Raise your hand if the counter in your bathroom has a built-in sink.
Keep it raised if it’s really ugly.
Keep it raised if it’s shaped like a SHELL and is so awful it makes your head spin.
Please tell me I’m not the only one with my hand still up.
When we moved into this house, the countertops in all three bathrooms were this ugly faux-marble with shell-shaped sinks. Why? When was this in fashion? Who made this decision?!
Thankfully, when it came time to tackle this bathroom (see the full makeover here if you haven’t already) we learned that it’s actually really simple to replace the countertop. And, if you’re lucky, it can be incredibly cheap too.
We actually purchased the countertop that we used in this bathroom with the intention of using it in our master bathroom renovation, but we had a really great sponsor come through at the last minute and ended up using quartz in there instead. We held onto it knowing that we could eventually use it elsewhere, and its day to shine has finally arrived. Because, seriously, who knew this humble little counter we snagged from the discount section of IKEA for $20 (yes, twenty bucks) could look this amazing?!
I was worried this project might be a little more difficult than I originally anticipated – we had someone else install the counter in our master bathroom, so I had no prior experience doing it. I kept telling myself that it couldn’t be that hard, and thankfully my instincts were right because this project is seriously simple.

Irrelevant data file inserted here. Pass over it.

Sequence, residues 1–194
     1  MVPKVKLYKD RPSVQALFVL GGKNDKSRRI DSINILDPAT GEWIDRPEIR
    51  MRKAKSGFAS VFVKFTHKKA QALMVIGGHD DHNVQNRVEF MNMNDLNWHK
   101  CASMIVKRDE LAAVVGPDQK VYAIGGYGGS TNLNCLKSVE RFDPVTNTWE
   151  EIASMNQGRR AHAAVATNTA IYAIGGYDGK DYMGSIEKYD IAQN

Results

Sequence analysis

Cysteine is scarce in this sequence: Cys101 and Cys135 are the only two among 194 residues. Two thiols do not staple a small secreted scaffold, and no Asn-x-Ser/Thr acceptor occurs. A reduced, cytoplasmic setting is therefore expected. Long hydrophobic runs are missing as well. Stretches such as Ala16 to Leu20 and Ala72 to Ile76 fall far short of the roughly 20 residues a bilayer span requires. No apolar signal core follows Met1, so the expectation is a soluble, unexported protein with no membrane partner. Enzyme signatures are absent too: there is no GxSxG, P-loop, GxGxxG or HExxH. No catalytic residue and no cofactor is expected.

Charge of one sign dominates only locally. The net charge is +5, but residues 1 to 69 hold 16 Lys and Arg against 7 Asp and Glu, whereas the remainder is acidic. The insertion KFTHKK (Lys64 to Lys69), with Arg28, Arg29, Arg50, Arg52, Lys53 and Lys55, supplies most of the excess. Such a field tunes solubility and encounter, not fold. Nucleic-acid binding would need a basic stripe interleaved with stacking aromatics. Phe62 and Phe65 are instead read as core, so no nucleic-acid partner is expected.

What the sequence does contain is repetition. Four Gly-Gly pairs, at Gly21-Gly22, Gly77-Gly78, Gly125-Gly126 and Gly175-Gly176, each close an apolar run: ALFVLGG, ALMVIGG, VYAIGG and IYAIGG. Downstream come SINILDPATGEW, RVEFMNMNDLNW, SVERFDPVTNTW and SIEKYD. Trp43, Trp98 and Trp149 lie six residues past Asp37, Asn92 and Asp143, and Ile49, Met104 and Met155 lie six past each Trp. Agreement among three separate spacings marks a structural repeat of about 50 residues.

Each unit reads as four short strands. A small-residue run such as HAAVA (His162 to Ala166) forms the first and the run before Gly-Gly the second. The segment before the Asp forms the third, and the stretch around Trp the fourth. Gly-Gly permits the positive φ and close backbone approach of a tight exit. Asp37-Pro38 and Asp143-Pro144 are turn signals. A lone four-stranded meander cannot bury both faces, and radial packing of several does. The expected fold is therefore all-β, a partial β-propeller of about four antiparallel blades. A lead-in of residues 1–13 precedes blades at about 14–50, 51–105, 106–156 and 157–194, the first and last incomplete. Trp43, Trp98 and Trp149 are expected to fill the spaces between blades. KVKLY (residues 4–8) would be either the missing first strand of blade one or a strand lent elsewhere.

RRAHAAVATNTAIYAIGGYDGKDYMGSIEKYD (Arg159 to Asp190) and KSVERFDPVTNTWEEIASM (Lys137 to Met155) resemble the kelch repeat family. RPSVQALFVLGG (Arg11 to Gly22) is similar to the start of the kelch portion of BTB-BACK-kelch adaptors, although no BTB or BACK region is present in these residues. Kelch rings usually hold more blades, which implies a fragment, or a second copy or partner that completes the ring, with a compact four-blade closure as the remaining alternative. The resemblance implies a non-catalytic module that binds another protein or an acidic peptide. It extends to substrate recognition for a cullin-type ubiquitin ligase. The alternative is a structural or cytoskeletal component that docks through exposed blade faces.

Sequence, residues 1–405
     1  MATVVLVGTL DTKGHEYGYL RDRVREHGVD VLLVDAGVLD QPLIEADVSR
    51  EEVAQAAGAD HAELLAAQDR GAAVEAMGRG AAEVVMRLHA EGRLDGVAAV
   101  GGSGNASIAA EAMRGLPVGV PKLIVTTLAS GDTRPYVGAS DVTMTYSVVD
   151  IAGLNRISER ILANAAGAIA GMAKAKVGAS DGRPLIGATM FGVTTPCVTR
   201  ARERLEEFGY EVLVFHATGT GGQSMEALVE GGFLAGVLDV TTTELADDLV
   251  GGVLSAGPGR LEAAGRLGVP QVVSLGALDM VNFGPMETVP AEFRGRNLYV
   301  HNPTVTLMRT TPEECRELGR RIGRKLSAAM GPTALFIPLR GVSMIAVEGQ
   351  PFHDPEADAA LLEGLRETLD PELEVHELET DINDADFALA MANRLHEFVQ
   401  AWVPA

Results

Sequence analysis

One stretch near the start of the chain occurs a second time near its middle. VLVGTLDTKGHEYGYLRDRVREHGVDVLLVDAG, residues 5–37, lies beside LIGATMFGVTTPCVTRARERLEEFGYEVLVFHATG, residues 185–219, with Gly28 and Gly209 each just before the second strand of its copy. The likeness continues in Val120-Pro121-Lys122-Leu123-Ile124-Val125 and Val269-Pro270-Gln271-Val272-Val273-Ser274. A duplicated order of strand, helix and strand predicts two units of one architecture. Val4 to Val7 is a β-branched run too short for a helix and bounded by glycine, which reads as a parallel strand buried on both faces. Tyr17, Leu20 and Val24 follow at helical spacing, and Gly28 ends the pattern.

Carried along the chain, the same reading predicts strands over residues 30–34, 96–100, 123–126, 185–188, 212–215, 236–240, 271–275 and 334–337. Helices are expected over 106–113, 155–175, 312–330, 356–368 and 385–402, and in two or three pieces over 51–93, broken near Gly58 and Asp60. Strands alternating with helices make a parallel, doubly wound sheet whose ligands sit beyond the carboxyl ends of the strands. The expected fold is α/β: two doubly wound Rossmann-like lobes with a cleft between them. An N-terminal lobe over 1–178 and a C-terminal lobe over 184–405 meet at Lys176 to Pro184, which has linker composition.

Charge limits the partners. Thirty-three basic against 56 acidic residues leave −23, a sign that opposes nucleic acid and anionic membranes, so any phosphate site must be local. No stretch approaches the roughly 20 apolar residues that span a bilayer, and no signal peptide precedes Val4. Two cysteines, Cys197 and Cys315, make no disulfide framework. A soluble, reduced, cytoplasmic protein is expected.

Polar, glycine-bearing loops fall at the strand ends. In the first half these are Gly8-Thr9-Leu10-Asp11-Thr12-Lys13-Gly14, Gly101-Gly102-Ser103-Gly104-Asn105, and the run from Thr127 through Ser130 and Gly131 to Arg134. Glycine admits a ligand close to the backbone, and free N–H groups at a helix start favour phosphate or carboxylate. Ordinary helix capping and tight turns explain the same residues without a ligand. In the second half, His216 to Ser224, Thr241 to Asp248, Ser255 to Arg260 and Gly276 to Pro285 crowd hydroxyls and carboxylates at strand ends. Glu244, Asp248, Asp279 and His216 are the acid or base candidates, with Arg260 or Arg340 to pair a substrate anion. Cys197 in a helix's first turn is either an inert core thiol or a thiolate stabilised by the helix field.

So, if you have an ugly old counter in your bathroom (perhaps with a shell-shaped sink like ours was?), I’m here to tell you that you can replace it without spending a ton of money or putting a lot of effort in.
Ready to learn how?
Please note: This tutorial applies specifically to wood or laminate countertops. Don’t try to cut a solid stone counter with your jigsaw, please and thank you.
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HOW TO REPLACE A BATHROOM COUNTERTOP
M A T E R I A L S :
- New countertop (ours is from IKEA, the exact one is discontinued but this is similar)
- Circular saw
- Measuring tape
- Replacement sink and faucet, if necessary
The first step is (obviously) to remove the old counter. In our experience, this is really simple. Both times we have removed counters from bathrooms, all we’ve had to do is use a knife to cut through the caulk all around the counter and pull up on it to detach it from the counter. Our bathroom counter was very heavy so it was a little more challenging, but this one was a piece of cake to remove. We started with the side backsplash pieces (just use something to pry it away from the wall and it pops right off), then removed the full counter.
Once your old counter is removed, it’s time to prep the new one. Measure how long you’ll need your counter to be. Make sure you measure at both the front and the back – the back of our counter was about 1/4 inch narrower than the front, so if we would have cut in a straight line, it wouldn’t have fit!